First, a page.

Well, yes. We could take concession fares away from pensioners, you spectacularly principled and not in any way utterly selfish and monstrous philanthropists of the “Tourism and Transport Forum”.
But I’ve got an even better idea.
First, we ignore everything you ever say for the rest of your nasty organisation’s pointless and unfortunate existence. We leave concession fares intact, and apologise to these struggling people for your unnecessarily mean-spirited suggestion. (I suppose we’re partly to blame for giving you the impression that we’re the sort of community that would respond positively to such utter bastardry.)
Then we remove “zones” from the public transport system, since they only punish the poorer inhabitants of outer Melbourne for not being able to afford to live in the much-better-served inner city. We expand the rail network to the many suburbs that don’t have any access despite growing populations and the fact that we simply can’t manage any more cars commuting to the city. We rebuild the railway lines to the regional centres that no longer have them, and we run decent reliable services to each. (By making it possible to commute from regional centres, we slightly lessen the demand on housing in Melbourne, and slightly address the housing affordability problem.)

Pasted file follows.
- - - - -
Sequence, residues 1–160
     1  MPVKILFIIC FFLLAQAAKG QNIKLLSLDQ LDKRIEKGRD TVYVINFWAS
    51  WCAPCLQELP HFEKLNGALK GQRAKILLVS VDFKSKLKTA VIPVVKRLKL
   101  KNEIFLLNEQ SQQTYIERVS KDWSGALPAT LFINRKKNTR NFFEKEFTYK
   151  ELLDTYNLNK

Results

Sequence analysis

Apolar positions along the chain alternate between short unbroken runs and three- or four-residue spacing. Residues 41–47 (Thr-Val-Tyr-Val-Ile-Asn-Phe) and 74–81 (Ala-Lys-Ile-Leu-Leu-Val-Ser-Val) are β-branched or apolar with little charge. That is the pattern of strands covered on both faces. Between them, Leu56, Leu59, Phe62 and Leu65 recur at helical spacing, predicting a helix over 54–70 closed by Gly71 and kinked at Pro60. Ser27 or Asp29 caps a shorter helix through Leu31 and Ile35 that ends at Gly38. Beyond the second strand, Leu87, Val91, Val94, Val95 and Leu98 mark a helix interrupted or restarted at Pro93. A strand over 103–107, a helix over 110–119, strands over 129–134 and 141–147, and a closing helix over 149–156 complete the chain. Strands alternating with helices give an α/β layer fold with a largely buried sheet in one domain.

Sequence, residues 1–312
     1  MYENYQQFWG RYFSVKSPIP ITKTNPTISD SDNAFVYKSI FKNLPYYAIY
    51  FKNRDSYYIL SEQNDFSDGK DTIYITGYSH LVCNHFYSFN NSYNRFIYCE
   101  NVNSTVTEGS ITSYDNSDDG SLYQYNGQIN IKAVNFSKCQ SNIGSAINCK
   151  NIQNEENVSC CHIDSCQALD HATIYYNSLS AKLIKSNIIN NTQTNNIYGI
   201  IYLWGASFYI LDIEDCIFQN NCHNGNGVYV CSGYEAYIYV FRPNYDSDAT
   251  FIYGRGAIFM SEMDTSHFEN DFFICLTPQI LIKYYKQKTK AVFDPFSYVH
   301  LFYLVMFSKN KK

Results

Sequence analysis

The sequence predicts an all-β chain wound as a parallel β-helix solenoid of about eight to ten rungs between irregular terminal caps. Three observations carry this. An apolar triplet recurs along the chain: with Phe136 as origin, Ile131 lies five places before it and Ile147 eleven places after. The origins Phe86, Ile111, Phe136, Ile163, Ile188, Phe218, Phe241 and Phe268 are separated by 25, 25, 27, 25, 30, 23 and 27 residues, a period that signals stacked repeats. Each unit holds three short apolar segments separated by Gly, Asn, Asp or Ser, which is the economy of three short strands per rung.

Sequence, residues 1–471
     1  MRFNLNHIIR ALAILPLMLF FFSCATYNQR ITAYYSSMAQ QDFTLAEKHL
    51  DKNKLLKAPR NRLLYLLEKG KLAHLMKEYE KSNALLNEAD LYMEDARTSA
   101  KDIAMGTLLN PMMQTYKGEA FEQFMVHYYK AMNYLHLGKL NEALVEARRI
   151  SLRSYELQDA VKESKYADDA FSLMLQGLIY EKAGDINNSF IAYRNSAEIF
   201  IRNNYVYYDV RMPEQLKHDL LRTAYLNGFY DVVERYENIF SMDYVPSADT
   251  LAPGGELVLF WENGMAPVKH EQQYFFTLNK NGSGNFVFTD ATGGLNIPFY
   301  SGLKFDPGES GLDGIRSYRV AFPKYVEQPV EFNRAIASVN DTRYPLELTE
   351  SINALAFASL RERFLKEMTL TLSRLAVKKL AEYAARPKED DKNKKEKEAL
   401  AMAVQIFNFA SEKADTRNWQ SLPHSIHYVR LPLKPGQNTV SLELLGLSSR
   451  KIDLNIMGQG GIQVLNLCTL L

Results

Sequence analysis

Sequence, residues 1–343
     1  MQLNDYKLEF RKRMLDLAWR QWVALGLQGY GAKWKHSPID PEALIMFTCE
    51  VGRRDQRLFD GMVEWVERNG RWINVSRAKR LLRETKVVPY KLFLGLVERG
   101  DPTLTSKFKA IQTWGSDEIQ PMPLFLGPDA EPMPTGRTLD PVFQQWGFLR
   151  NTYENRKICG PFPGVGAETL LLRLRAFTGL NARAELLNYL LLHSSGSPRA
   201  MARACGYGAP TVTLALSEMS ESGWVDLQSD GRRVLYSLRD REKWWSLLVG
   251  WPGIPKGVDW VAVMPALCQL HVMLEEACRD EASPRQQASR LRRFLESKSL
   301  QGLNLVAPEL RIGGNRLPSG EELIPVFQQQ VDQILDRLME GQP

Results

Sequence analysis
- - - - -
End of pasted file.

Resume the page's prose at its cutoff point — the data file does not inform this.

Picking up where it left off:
And we build all of this infrastructure with public money (possibly deficit spending) because, for a number of reasons – from the unsustainability of growth on the roads, to the finite nature of the world’s oil supply, to tackling climate change – it’s imperative that we encourage people out of their cars and onto our trains and trams. Public transport is a natural monopoly; it’s not something we can leave up to the wondrous “free market”. As the last thirty years have demonstrated. So we fund it through our taxes, as an important public service.
And there’s no need to punish the poorest Victorians, concession-card holders, in order to do it.